POLL: Is the SSM working?

Author: Tom Young | Published: 24 May 2017
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The European Commission’s single supervisory mechanism (SSM) is either a raging success or an inflexible failure depending on who you talk to. In the two and a half years since it was granted the supervisory role to monitor the financial stability of banks in participating member states it has courted both controversy and praise.

In May this year the European Central Bank (ECB) won its court battle against Landeskreditbank Baden-Wutrttenberg after the German bank claimed it was not big enough to threaten financial stability of the eurozone to justify being supervised by the SSM.

And in early 2016, Latvian bank Trasta Komercbanka put the SSM to the test when the ECB revoked its licence for compliance failings. The decision, which was inconsistent with that taken by local regulator, was disputed by the bank, and raised questions over the ECB's indirect oversight of smaller institutions.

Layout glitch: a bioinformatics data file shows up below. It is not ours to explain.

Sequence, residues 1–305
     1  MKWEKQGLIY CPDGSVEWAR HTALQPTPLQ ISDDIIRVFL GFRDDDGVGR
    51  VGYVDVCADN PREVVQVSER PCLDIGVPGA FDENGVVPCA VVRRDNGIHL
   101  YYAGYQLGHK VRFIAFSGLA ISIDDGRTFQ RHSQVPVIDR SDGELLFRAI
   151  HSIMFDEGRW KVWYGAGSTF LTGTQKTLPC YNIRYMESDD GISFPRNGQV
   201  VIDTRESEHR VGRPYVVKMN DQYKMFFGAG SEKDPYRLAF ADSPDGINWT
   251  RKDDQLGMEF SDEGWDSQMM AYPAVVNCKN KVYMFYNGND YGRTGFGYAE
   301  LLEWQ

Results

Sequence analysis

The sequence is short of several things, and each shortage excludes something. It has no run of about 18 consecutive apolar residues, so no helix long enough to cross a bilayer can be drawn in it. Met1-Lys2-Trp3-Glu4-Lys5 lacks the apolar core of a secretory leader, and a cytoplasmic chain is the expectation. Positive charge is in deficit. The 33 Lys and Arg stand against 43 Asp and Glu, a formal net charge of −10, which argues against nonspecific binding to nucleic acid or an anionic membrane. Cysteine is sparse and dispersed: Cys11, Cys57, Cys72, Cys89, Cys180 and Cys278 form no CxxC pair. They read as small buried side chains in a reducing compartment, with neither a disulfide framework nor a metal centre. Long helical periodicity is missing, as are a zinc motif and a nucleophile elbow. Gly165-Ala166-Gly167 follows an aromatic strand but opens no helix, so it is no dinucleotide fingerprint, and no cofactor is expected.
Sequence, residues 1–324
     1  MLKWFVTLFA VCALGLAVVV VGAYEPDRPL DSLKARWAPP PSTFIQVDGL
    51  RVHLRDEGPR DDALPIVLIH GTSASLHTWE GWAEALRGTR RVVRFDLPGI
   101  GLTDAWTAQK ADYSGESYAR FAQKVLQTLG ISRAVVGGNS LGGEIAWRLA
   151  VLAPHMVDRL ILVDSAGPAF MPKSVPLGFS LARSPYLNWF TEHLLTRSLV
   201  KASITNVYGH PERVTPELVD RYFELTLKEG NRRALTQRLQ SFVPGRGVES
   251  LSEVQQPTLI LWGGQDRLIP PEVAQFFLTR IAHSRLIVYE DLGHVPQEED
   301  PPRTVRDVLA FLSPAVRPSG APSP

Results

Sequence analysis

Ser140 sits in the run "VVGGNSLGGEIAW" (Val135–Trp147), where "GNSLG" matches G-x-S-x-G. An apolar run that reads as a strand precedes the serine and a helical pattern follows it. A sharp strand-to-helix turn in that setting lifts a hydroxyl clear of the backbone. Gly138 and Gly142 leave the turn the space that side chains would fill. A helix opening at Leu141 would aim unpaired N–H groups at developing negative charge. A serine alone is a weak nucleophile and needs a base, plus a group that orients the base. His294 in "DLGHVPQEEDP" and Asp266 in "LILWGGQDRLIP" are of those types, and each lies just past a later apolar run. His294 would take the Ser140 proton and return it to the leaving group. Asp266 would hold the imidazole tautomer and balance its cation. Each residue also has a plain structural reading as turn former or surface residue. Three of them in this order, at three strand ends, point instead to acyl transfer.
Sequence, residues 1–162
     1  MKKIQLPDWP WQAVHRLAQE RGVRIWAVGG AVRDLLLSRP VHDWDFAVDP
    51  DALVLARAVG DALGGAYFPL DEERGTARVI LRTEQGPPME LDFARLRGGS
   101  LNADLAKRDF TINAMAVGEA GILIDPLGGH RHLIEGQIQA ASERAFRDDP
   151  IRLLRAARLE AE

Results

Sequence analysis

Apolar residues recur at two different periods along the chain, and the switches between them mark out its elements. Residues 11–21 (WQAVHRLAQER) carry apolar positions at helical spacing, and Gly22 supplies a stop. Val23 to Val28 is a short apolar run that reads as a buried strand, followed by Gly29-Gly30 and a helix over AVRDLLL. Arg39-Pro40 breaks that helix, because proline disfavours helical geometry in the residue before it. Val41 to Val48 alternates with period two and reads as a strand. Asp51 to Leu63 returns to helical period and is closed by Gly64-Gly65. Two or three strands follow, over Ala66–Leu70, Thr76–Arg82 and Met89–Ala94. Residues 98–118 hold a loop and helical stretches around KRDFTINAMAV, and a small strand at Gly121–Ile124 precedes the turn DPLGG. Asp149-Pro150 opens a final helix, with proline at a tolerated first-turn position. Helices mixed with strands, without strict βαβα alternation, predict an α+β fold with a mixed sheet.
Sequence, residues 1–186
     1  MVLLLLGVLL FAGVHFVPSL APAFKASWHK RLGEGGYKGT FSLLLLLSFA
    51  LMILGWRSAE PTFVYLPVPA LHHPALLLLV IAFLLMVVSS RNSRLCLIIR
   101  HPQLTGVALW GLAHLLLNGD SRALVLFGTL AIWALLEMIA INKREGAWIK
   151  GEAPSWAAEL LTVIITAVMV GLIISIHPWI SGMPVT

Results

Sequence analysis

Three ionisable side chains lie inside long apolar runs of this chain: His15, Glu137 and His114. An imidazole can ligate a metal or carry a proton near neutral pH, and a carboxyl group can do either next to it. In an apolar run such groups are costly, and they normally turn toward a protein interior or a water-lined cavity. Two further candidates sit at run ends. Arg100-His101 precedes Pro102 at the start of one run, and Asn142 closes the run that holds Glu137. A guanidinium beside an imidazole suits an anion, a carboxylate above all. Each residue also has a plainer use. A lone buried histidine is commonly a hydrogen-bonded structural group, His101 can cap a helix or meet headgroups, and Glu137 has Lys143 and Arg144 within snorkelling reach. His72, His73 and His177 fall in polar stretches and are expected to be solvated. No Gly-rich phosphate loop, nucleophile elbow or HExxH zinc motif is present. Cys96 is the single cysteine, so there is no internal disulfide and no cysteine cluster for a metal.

Similarly Italian and French banks have complained about the SSM’s treatment in dealing with its beleaguered institutions in times of crisis.

However, advocates say that the SSM was created to end the apparently cosy relationship between banks and their national regulators and improve the smoothness of filings – two things it has undoubtedly achieved. It has rapidly staffed up with 1200 regulators, while the ECB has been praised for its clear communication too.

With this in mind, IFLR’s latest poll asks the market whether the SSM is working, or if further improvements could be made.

Vote now on the 'Quick Poll’ menu on the right-hand side of IFLR’s homepage. All votes and comments are anonymous. To arrange an off-the-record interview to elaborate on your response, email tom.young@legalmediagroup.com

Results of past polls:

POLL: countering M&A protectionism

POLL: preventing EU clearing house failure